72 tons. Designed by G. L. Watson, 1883.



CommodoreGeneral H.S.H. Prince Edward of Saxe-Weimar, G.C.B.
Vice-CommodoreCaptain F. Sutton ('Gadfly,' 20 tons).
Rear-CommodoreJ. R. West, Esq. ('Goshawk,' 239 tons).

Under the Patronage of their Royal Highnesses
Will take place (weather permitting)
On Saturday, August 8th.

FIRST RACE—YACHTS of 40-rating.

Prize, Cup value Sixty Guineas, presented by A. H. Glennie, Esq. Helmsman, value 5l. 5s. Entrance fee, 3l.

SECOND RACE—HANDICAP—YACHTS of 60-rating and upwards.

First, value 50l. prizes presented by A. H. Glennie, Esq.

Second, value 25l. "

Entrance fee, 50s. Helmsman, value 5l. 5s., presented by F. C. Hill, Esq.


First Prize, value 25l., presented by Julian Senior, Esq.

Second Prize, value 10l. Entrance fee, 25s.

FOURTH RACE—YACHTS of 20-rating.

First Prize, value 20l., presented by S. M. Richards, Esq.

Second Prize, value 5l., presented by Lt.-Col. A. D. MacGregor. Entrance fee, 20s.

FIFTH RACE—YACHTS over 2½, but not exceeding 5-rating.

First Prize, a Silver Cup, presented by Captain A. K. Wilson R.N., V.C., C.B., and Officers H.M.S. 'Vernon.'

Second Prize, value 5l. 5s., presented by W. A. Beauclerk, Esq. Entrance fee, 15s.

SIXTH RACE—YACHTS not exceeding 2½-rating.

First Prize, the 'Fernie' Cup, value 10l. 10s. (presented by Mrs. Fernie in memory of the late Robertson Fernie, Esq.)

Second Prize, value 5l. 5s., presented by the Vice-Commodore, Captain F. Sutton. Entrance fee, 10s. 6d.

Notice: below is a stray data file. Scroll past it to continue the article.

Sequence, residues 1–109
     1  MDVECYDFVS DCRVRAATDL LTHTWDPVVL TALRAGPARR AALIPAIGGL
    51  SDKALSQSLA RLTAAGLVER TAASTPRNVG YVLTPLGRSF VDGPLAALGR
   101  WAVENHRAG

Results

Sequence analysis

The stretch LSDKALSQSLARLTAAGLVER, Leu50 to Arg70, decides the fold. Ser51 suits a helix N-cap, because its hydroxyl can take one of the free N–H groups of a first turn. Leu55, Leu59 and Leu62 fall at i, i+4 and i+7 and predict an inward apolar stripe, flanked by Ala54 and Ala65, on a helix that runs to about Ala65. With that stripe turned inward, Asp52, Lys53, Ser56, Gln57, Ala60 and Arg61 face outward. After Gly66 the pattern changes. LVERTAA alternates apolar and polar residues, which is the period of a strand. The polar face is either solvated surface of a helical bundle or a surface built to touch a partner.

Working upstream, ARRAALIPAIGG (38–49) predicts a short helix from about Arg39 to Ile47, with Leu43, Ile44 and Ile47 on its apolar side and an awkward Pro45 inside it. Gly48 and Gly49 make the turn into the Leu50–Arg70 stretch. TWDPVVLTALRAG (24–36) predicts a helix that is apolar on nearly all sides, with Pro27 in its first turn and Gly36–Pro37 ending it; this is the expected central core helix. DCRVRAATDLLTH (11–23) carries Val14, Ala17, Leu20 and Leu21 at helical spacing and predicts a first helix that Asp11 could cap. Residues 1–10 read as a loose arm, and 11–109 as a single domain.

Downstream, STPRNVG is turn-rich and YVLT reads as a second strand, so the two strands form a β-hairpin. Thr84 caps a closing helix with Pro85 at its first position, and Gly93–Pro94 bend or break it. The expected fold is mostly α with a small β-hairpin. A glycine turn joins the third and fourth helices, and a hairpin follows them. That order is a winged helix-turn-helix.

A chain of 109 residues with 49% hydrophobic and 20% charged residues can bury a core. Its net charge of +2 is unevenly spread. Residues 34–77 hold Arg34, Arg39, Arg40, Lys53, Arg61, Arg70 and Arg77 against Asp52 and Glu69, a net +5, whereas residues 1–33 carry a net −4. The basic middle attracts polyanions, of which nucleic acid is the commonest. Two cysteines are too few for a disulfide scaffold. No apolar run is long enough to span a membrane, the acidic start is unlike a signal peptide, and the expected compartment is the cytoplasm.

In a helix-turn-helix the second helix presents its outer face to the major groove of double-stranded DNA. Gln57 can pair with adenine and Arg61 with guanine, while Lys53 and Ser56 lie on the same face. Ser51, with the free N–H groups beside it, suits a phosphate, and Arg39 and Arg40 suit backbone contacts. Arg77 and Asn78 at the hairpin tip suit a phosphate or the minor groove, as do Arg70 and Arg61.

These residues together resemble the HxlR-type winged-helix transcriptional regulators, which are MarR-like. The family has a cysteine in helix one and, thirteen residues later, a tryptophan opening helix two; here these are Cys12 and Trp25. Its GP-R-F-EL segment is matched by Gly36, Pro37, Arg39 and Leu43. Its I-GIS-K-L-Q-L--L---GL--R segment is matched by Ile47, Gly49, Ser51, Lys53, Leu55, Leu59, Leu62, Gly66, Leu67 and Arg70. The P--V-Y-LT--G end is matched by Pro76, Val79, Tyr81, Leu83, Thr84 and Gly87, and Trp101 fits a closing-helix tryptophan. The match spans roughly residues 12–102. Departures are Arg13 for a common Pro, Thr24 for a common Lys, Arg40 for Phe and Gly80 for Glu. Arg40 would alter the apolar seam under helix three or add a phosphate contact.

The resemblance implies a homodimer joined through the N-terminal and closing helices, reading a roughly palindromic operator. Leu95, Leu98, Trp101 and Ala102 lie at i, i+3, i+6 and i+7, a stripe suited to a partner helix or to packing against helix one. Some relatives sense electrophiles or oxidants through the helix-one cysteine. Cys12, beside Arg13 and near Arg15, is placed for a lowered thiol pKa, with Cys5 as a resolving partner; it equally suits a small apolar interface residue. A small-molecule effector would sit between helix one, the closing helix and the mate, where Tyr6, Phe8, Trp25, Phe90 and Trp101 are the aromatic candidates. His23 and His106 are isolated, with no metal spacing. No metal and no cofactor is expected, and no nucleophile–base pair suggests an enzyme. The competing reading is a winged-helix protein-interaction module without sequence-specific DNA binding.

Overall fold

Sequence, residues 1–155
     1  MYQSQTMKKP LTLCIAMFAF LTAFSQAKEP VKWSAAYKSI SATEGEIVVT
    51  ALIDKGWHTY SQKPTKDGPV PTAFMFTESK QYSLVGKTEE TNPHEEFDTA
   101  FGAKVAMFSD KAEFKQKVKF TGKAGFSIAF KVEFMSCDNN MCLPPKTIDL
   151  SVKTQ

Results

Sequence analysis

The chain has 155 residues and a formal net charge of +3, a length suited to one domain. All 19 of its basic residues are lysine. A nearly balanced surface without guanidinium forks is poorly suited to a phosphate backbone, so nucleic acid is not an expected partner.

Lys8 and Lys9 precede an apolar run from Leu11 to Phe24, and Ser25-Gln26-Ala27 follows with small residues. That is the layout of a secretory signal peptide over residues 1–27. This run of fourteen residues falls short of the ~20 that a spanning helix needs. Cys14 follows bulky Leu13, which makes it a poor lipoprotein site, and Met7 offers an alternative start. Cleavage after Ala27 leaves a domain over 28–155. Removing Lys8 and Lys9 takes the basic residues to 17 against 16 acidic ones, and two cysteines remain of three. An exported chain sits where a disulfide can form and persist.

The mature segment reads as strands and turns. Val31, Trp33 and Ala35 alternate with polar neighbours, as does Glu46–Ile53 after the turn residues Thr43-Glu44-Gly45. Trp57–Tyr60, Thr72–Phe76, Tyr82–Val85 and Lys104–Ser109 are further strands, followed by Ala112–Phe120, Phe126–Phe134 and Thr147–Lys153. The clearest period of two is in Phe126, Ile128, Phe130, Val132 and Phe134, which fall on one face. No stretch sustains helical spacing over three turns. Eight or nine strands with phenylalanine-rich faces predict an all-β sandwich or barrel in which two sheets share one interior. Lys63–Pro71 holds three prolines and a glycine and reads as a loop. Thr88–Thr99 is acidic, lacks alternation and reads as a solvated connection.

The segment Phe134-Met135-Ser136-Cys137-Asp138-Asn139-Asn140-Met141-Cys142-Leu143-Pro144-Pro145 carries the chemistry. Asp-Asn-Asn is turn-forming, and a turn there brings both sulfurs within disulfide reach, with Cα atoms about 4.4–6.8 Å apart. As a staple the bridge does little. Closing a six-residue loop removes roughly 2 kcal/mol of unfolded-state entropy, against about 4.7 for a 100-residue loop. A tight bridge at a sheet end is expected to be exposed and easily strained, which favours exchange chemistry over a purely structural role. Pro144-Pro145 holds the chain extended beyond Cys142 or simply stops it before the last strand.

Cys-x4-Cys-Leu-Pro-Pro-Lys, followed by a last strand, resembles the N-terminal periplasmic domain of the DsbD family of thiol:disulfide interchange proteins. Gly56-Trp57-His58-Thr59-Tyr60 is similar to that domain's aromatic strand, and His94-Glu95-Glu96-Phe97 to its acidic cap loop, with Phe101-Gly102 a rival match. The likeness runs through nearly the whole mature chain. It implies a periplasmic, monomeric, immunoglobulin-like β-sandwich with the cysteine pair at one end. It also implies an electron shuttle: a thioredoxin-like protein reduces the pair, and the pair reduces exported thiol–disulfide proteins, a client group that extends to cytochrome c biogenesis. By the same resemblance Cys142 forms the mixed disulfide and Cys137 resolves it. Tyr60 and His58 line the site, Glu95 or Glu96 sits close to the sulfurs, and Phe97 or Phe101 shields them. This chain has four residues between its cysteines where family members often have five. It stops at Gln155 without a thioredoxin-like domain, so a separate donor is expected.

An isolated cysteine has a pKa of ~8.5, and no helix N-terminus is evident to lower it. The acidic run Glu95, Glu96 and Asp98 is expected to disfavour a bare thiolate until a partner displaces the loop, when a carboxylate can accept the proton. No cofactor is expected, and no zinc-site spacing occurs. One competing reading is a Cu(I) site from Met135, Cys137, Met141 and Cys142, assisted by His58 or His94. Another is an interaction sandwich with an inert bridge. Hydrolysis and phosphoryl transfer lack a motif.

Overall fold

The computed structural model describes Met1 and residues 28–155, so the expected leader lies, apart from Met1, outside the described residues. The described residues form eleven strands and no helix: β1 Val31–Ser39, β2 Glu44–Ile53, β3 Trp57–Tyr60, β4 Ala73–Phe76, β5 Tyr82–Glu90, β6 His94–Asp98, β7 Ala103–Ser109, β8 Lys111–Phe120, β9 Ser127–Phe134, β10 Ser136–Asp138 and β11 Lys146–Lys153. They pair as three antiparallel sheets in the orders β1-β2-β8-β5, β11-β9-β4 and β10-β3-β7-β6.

First Prize, value 6l. 6s., presented by Rear-Admiral Hallowes.

Second Prize, value 2l. 2s., presented by Colonel F. J. Smith, R.E. Entrance fee, 6s.

EIGHTH RACE—YACHTS of ½-rating, belonging to any recognised Yacht Club.

First, value 3l. 3s. Prizes presented by Paul A. Ralli, Esq.

Second, value 2l. 2s. Entrance fee, 3s.


First Prize, value 5l. 5s., presented by A. G. Wildy, Esq.

Second Prize, value 2l. 2s. Entrance fee, 5s.

All Yachts must belong to the club, eighth and ninth races excepted. Yachts in all the races must be steered by Amateur Members of any recognised Yacht Club. The Races will be sailed according to Y.R.A. Rules. Exceptions, time of entry, two to compete or no race; four, or no second prize.

The second and third Races will be handicapped by the Committee without appeal.

(p. 66) That the naval officers who are honorary members have been valued friends to the club goes without saying. Nothing could exceed the interest that has been taken in the club's welfare by the Commodore, H.S.H. General Prince Edward of Saxe-Weimar, especially whilst in command at Portsmouth. Neither must the club's mainstay, the honorary secretary, Mr. John Main, be forgotten. Almost from the beginning Mr. Main had acted as under-secretary to the then honorary secretary, Mr. C. McCheane, and it is not too much to say that when acting in that capacity he was the kedge anchor to the club, and frequently on occasions was called upon to play the part of best bower. When Mr. McCheane resigned his office on July 14, 1887, after an interregnum of three months, during which Captain Haldane was made acting secretary, Mr. Main was chosen unanimously to fill the vacant office, and not only those connected with the club, but all who have had to hold communication with him, know how well its arduous duties have been performed. It is to this gentleman that the writer is indebted for help in compiling this notice.